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Old 01/04/2008, 10:05 PM   #13
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Ahh the joys of latex.... practicaly speaking of course BTW the powder that they use on the gloves is corn starch


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Old 01/04/2008, 10:26 PM   #14
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I got a box of gloves from the drugstore for about $4 (unpowdered).

It's a good idea to wear gloves if you're moving live rock around, too.

Definitely wear gloves and eye protection if you're messing with or fragging zoanthids/palythoas.


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Old 01/04/2008, 11:01 PM   #15
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Quote:
Originally posted by leoslizards
Isn't the powder in those type of latex gloves bad for your aquarium? Could I use those common yellow kitchen, dish washing gloves instead?
Beware the kitchen gloves. I've used them - until I read that the ones I used were treated with an antibacterial agent. Now they scare me.


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Old 01/06/2008, 06:40 PM   #16
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Quote:
Originally posted by Lotus99
Definitely wear gloves and eye protection if you're messing with or fragging zoanthids/palythoas.
Eye protection? why?

I was thinking of getting those Corallife shoulder length gloves that go for about $25 a pair. I'm tired of washing my whole arm every time I go digging into my tank.


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Old 01/06/2008, 07:13 PM   #17
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haha, finally my fiance has been looking at me like theres no light on upstairs. every time we leave the gyno office (for her not me, shes prego) she ask's why im filling my pockets with the blue latex gloves. then an even weirder look when im messing around in the tank. i wasnt wearing them becouse of poisons i just dont like all the creepy crawlys that are in my tank. oh yea and i justify lifting the gloves by paying over 300$ per visit(and theres a lot of them) by getting 3$ worth of gloves.

A small word of advise, use a ziptie for the wrist area or every time you take your hand out the gloves fill up with water and run down your arms or on the floor.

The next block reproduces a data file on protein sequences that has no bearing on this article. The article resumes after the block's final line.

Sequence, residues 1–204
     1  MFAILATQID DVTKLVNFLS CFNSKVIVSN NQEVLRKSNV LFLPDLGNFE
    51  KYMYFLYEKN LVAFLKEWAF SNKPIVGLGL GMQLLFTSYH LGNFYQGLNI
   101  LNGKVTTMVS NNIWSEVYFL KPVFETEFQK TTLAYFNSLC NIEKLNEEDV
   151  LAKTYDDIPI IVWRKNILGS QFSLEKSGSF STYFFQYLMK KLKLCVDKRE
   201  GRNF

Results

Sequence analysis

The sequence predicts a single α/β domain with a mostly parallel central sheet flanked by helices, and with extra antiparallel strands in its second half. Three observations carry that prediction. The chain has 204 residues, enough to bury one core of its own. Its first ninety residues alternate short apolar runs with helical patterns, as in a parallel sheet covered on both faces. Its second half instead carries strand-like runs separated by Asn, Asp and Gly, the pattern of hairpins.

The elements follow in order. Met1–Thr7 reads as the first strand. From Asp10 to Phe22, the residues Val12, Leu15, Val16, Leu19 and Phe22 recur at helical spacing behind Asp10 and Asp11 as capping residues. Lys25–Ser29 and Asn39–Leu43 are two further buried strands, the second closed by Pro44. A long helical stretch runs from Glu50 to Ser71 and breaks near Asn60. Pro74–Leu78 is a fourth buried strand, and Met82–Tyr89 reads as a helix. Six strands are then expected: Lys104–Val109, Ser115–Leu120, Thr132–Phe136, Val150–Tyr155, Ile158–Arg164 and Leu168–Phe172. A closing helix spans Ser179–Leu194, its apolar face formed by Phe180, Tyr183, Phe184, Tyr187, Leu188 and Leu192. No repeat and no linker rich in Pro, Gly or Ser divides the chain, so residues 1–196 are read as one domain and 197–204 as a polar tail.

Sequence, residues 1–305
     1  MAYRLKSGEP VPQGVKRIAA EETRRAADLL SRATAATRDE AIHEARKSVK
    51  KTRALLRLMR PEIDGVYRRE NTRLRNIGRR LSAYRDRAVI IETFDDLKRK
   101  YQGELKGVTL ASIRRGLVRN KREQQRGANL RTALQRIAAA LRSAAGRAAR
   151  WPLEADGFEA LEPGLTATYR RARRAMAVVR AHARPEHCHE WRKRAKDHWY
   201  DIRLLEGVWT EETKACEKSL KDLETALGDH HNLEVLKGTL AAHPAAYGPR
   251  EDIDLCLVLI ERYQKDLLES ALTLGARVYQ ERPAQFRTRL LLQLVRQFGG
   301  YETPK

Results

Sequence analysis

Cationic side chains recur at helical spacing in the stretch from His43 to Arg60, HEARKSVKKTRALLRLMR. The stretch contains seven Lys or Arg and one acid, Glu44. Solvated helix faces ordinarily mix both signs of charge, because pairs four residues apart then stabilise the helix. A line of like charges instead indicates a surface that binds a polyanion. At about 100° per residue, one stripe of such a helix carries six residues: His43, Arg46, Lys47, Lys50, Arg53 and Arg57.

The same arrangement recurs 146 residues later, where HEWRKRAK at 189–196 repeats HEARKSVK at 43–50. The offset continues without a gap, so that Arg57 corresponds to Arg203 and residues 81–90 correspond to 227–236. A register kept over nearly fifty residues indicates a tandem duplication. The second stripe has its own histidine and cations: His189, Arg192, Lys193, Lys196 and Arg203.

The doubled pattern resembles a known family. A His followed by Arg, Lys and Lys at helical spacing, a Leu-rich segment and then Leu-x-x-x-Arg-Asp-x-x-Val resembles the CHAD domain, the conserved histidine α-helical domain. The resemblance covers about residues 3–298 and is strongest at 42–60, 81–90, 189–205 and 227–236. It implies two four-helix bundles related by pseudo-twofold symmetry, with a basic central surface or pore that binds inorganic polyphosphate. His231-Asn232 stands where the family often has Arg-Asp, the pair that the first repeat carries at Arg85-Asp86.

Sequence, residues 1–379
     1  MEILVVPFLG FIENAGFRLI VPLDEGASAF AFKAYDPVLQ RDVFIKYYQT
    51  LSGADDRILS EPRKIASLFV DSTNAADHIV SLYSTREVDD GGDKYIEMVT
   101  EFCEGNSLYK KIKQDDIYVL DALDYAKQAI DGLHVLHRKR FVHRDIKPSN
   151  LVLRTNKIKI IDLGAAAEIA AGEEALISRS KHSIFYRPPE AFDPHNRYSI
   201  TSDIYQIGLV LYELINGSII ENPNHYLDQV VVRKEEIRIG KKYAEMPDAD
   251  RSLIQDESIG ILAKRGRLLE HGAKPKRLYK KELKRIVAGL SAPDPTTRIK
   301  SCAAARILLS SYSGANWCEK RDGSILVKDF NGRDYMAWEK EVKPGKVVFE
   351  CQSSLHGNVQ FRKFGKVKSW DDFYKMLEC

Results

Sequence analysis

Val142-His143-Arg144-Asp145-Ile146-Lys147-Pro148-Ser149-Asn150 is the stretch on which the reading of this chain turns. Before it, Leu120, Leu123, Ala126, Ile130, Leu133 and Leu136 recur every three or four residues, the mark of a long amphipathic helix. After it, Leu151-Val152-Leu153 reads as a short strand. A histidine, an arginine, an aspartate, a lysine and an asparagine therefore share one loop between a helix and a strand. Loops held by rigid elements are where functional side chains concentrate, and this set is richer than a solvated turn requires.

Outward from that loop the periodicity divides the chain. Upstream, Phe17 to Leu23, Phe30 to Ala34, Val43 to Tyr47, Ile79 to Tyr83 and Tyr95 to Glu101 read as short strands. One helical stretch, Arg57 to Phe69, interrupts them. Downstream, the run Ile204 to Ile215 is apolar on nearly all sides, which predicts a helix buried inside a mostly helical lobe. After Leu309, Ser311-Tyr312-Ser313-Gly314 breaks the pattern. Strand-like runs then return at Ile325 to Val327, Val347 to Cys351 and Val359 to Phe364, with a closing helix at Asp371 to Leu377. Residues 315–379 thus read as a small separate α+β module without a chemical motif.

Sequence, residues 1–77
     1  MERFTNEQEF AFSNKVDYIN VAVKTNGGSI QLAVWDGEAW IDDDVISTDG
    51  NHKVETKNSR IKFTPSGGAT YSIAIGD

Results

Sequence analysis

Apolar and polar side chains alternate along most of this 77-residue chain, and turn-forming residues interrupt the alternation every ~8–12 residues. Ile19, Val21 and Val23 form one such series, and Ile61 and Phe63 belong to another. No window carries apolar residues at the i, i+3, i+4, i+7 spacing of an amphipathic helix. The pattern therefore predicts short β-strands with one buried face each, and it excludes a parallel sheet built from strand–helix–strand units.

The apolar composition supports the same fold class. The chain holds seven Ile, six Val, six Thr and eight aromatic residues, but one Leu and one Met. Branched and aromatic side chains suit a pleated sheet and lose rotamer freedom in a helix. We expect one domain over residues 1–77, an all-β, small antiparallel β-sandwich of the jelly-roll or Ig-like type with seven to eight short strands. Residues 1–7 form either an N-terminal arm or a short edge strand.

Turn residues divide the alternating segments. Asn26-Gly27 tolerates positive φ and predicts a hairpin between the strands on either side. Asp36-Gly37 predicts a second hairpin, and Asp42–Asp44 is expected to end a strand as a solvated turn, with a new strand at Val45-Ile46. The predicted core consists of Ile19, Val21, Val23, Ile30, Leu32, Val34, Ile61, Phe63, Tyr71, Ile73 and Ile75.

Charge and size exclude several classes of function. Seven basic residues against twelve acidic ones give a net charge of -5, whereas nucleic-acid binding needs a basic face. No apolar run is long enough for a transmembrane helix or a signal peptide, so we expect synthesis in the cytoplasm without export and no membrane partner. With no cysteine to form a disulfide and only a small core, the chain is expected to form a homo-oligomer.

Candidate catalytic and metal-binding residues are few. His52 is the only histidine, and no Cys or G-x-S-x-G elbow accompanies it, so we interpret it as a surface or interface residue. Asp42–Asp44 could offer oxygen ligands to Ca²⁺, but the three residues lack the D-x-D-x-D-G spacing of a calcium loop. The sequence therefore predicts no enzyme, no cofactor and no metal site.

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Old 01/06/2008, 07:13 PM   #18
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They squirt when messed with, sometimes quite far, and the eyes are quite capable of absorbtion.

The big gloves float while you're trying to work, and the fingers are so large it's hard to grip anything. I believe there is actually an over the elbow latex/plastic type, very thin. But I don't know a source.

One more caution: use eye protection when working to frag a stony coral, especially using a dremel. Coral has been considered as a medical grafting material, and live coral reproduces from small cells: keep it out of your eyes...not to mention the nematocysts [mini-harpoonlike cells that sting.]


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Salinity 1.024-6; alkalinity 8.3-9.3 on KH scale; calcium 420; magnesium 1300, temp 78-80, nitrate .2. Ammonia 0. No filters: lps tank. Alk and cal won't rise if mg is low.

Current Tank Info: 105g AquaVim wedge, chromis, royal gramma basslet, tailspot blenny, ocellaris clown, yellow watchman, chestnut turbo snails, bristleworms, couple of hermits.
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Old 01/06/2008, 07:14 PM   #19
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and the eye protection is for the stuff that might squirt or splash off.